Mike Herrick loves Western North Carolina for the area’s temperate year-round climate, and his wife Ellen wanted to live closer to their grandchildren on the east coast. But their shared goal when building their new custom house was to find the sweet spot between creating a comfortable home while being mindful and respectful of the resources they consume to provide that lifestyle.
So when the couple began designing their dream home in Hendersonville, they saw an opportunity to invest in renewable energy as a way to infuse their environmental values into their everyday lives. The Herricks both work from home for a software development company, which is another reason they prioritized energy reliability and efficiency.
Sugar Hollow Solar installed a 8.4-kW rooftop solar photovoltaic system with two Tesla Powerwalls integrated for battery backup. The Herricks’ solar-panel system works through net metering, a billing system that allows owners to receive credits on their monthly utility bills that are equal to the power they produce.
“We had the unfortunate experience of being without power for two weeks after Hurricane Sandy, which was especially painful since we had well water, so we knew that we wanted some sort of backup electric source and thought that a Tesla Powerwall would be much nicer than a conventional gas generator,” Mike said.
Sunshine powers their solar system, which earns the Herricks credits to use at night or on cloudy days. Additionally, their two Tesla Powerwalls provide backup electricity for when the grid goes down, as well as decrease the Herricks’ dependence on the utility grid by storing a power supply to pull from when sunshine isn’t directly available.
“Solar gives us the peace of mind that we’re doing our part,” Mike said. “We wanted to take advantage of solar electricity as much as possible, so everything except our hot water heater is electric. At the suggestion of Sugar Hollow, we installed a geothermal heat pump to further reduce our environmental impact.”
Installing a solar-panel system in their new home helped the Herricks build a life in line with their values, and has also translated into lower energy bills. Since the home is new, there were no pre-solar bills to compare against, but they report paying about $200 total for electricity usage in the last 12 months. On six of their recent bills, they have only owed the $15 connection fee to their utility.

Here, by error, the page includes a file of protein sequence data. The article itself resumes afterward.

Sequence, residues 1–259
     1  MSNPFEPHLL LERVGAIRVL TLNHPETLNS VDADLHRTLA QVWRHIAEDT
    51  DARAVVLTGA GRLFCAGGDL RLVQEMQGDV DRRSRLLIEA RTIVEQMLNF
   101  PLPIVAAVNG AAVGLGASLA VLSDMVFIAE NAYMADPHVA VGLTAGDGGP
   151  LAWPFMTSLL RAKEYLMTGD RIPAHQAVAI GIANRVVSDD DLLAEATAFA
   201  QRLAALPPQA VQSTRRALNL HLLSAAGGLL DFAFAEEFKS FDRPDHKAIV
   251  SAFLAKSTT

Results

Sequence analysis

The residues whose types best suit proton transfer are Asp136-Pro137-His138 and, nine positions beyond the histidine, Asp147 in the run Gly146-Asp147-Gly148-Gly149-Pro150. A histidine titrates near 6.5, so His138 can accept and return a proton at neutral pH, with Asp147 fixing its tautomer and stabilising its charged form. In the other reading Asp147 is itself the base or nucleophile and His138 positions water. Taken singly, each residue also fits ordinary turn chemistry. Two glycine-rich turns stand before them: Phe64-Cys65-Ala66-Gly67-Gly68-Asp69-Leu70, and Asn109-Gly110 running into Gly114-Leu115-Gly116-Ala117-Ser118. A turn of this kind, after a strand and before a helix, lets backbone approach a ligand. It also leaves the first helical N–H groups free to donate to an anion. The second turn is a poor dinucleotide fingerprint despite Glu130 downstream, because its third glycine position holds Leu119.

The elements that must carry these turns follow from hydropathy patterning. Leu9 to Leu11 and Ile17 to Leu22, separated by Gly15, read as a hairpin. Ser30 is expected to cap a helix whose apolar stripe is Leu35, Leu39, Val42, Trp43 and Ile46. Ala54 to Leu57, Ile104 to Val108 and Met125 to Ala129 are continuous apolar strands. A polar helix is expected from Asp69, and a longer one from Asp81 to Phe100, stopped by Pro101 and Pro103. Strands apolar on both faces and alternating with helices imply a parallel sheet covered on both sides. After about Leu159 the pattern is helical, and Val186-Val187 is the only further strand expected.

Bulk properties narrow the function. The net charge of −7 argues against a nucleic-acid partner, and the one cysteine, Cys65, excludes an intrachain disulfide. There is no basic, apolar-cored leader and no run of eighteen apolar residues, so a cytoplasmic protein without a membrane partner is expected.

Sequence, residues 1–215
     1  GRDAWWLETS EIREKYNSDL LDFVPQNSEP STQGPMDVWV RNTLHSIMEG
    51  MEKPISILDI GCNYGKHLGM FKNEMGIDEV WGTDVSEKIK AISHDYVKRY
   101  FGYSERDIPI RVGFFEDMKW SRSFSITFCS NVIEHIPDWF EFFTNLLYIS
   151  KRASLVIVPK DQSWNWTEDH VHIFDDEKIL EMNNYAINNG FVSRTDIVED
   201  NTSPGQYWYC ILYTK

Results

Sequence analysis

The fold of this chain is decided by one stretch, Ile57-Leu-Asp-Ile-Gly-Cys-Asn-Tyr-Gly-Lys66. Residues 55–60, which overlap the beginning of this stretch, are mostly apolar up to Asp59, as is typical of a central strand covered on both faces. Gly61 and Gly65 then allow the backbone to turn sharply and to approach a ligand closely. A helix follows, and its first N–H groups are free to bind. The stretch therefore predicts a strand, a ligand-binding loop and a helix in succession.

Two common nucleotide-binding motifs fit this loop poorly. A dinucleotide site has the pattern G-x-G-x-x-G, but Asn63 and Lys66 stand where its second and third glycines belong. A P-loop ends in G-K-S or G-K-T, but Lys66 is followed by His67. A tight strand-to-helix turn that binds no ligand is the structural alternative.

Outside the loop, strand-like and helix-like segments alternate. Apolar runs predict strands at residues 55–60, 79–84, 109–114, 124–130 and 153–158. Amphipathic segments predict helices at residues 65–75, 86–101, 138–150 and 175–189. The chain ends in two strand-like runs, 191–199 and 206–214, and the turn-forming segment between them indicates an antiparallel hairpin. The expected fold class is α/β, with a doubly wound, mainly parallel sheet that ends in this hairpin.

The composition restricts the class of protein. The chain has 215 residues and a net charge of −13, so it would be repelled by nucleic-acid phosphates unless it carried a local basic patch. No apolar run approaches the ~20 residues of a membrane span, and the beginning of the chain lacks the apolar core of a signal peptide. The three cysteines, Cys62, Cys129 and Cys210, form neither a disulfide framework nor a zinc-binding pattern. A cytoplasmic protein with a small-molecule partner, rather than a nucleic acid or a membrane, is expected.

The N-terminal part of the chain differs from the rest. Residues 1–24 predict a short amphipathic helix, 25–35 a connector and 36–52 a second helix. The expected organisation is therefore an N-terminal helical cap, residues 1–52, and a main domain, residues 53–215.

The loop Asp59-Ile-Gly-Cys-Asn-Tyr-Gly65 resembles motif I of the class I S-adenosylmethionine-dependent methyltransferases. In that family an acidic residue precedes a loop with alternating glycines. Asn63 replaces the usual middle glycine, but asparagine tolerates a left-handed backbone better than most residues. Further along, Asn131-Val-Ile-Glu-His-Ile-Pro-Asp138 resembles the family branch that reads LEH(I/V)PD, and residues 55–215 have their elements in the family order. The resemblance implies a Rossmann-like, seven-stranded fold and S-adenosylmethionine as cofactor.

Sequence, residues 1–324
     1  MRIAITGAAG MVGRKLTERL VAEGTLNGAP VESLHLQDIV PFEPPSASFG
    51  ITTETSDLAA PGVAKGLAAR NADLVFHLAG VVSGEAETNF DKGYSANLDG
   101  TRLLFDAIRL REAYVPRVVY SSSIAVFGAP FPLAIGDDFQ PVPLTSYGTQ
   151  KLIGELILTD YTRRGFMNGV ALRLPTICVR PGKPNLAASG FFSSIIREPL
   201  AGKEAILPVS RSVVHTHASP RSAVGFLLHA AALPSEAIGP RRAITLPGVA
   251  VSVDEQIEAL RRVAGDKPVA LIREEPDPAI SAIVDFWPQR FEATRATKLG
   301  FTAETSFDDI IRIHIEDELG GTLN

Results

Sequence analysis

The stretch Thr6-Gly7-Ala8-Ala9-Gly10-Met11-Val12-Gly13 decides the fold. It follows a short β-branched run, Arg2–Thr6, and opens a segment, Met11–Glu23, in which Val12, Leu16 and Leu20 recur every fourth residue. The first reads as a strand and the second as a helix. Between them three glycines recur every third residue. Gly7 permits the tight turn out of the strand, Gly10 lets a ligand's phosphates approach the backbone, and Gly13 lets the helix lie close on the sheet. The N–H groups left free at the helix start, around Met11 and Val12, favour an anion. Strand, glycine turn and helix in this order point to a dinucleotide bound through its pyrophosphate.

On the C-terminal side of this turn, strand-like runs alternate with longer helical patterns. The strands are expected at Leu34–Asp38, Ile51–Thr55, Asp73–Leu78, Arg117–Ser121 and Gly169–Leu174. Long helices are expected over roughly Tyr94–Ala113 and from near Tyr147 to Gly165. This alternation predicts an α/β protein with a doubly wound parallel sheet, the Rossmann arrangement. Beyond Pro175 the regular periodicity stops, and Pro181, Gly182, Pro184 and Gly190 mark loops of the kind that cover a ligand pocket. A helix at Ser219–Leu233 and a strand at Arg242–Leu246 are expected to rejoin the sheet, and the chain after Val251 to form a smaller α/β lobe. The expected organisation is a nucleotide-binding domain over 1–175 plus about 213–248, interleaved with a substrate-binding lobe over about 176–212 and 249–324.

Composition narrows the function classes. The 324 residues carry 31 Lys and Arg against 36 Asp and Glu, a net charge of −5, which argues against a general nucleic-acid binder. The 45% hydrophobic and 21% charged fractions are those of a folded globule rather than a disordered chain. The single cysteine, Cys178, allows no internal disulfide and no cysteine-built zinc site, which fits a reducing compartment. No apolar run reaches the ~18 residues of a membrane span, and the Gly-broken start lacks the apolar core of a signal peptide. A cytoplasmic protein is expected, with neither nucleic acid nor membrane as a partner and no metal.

“We were able to take advantage of federal tax credits for the solar installation as well as an incentive from Duke Energy, which Sugar Hollow was instrumental in procuring,” Mike said. “Later, when we installed a battery, we were also able to get a federal tax credit to offset some of the cost. In our particular case, we felt confident that this was the right way to go for the long term so the incentives were secondary but it does certainly speed up the payback period.”
Interestingly, the single largest consumer of the solar power their home produces is their electric car — a Tesla Model 3 that they charge through a Tesla wall charger in their garage — so this also represents money that they’d otherwise be paying at the pump.
The Herricks are also now able to set their thermostat to a comfortable temperature, where previously they’d tried to save energy by keeping it set on the brink of discomfort.
Ultimately, the couple said they enjoy being “solar pioneers” in their area and they often welcome curious neighbors who want to see how solar works.
“Solar just makes sense,” Mike said. “Why mine fossil fuels thousands of miles away, transport them to factories where carbon is released, then transport the electricity to your house, when sunshine is delivered most days directly to your house for free?”
Project Team breakout box
Builder — Kilpatrick and Company
Solar Installer — Sugar Hollow Solar
The System breakout box
Type: Net-metered solar photovoltaics with battery backup
Panels: 28 Mission solar panel
Inverter: Solar Edge
Battery Backup: Two Tesla Powerwalls
Installed: February 2019
Douglas Ager is a lifelong resident of Buncombe County, growing up at Hickory Nut Gap Farm and graduating from both Warren Wilson College and Western Carolina University. After spending years working with his hands as a farrier and carpenter, he co-founded Sugar Hollow Solar in 2012 with a mission to improve how business is done while seeking local solutions to the climate crisis. Connect with Douglas at sugarhollowsolar.com.
You can also view this article as it was originally published on pages 32-33 of the 2020-2021 edition of the directory.